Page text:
One of the most important things that I learned about screenwriting is to “never let the science get in the way of a good story.” So, you will never see an “accuracy police” blog on this site where I criticize a screenwriter for not getting the science right.
That being said, I do believe there are opportunities and real science can make a story better. As the Science and Entertainment Exchange says, “Give the writer a better option.”
Another important point is that there is a difference between accuracy and precision. Accuracy is when your dart somewhere in the little circle in the middle of the dartboard. Precision is when your dart always hits the same spot right in the middle of the dartboard. Both of the darts earns to top score. I encourage you to be accurate; you don’t have to be precise to be entertaining.
“Some scientists take great offense at any inaccuracies in fiction. I’m not one of them. Part of what makes science fiction so appealing to me is the imagining of alternative realities—the way a storyteller can, through some small tweak to our current understanding of the world, allow us to vicariously experience incredible adventures. Some of the most powerful science fiction creators use the framework of an imagined world to bring us new, and sometimes deeply confronting, perspectives on our own. Thrusting characters (with whom we can relate) into improbable or even impossible situations (to which we cannot) has a way of pushing the boundaries of the human experience in almost the same way that working at the extremes of our technology can illuminate the laws of physics that govern our Universe.”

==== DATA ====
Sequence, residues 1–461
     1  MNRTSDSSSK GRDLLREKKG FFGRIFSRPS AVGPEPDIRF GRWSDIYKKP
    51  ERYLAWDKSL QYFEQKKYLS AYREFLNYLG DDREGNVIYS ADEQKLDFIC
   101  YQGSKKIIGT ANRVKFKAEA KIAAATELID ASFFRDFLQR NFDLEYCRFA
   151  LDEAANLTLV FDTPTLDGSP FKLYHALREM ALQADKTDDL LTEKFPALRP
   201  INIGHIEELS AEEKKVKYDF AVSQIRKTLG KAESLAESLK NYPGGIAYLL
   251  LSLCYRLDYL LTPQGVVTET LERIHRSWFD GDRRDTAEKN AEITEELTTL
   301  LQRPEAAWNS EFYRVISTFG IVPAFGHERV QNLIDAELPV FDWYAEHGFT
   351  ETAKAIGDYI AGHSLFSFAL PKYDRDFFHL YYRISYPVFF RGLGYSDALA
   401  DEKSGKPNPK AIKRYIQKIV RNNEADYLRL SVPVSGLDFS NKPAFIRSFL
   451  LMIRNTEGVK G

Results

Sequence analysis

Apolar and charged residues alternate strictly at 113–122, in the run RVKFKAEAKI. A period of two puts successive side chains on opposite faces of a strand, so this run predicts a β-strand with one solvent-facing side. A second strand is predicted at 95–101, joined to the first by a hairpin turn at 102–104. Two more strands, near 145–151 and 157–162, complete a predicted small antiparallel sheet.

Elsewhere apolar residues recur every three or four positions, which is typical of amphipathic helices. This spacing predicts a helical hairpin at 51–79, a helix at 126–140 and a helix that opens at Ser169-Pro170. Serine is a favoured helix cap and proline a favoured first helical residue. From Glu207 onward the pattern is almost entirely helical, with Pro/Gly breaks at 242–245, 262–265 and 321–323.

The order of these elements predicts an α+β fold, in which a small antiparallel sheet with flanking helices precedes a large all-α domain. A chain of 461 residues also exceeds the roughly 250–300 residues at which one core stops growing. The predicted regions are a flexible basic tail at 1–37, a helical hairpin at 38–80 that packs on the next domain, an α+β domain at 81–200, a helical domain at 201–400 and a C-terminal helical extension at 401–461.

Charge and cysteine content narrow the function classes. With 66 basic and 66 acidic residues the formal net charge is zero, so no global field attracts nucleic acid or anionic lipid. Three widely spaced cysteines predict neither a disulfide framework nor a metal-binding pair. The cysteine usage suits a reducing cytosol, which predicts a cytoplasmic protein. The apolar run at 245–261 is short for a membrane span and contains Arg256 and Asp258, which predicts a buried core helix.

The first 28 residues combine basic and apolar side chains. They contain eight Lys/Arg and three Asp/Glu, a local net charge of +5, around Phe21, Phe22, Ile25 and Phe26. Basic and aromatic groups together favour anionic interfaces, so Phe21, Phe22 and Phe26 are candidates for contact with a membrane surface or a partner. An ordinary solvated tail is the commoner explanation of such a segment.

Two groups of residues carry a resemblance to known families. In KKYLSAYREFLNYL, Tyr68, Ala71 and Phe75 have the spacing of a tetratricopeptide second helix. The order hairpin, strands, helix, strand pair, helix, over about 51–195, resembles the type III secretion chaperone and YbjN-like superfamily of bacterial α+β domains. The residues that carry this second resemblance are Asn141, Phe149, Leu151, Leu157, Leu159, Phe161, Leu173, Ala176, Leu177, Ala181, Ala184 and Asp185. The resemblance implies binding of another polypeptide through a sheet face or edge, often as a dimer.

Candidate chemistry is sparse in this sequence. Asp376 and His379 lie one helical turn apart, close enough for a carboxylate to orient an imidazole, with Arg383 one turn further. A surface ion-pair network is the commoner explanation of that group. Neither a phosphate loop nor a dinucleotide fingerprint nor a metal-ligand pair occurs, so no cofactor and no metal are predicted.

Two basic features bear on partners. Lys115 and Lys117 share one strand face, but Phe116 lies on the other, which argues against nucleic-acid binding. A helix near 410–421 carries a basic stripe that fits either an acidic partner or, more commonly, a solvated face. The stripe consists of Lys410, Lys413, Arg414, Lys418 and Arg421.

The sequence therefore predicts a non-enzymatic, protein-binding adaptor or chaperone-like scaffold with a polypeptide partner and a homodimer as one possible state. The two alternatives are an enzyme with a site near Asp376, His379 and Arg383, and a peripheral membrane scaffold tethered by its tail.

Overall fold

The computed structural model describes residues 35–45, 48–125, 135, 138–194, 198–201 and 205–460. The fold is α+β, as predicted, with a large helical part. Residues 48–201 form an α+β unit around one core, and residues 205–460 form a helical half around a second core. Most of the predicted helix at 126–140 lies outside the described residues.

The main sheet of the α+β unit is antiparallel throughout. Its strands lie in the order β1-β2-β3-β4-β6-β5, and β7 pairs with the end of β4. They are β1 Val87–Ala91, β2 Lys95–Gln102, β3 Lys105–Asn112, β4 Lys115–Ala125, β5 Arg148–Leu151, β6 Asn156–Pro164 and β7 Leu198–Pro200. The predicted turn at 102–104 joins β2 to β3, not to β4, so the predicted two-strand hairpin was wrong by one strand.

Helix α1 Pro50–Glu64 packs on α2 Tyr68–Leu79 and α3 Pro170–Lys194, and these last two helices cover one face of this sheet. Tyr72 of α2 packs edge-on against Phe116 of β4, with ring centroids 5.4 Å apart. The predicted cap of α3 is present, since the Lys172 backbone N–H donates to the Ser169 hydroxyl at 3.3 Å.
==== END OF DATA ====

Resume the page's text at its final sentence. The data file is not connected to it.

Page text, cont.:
“Great entertainment doesn’t have to get the science right any more than a poem has to stick to a prescribed rhyme or meter to be great poetry, but sometimes constraints themselves can enrich art in unexpected ways. And when that is done with good science, we get to explore realistic visions of our future, along with new perspectives on ourselves.
So I don’t begrudge an author a bit of poetic license when it comes to physical plausibility, if it helps the story flow. But I am nonetheless endlessly impressed when I encounter stories that not only work within known physical laws, but use real phenomena as essential elements to drive the plot.”
Thank you Katie, I completely agree!
Who wants to talk more about this?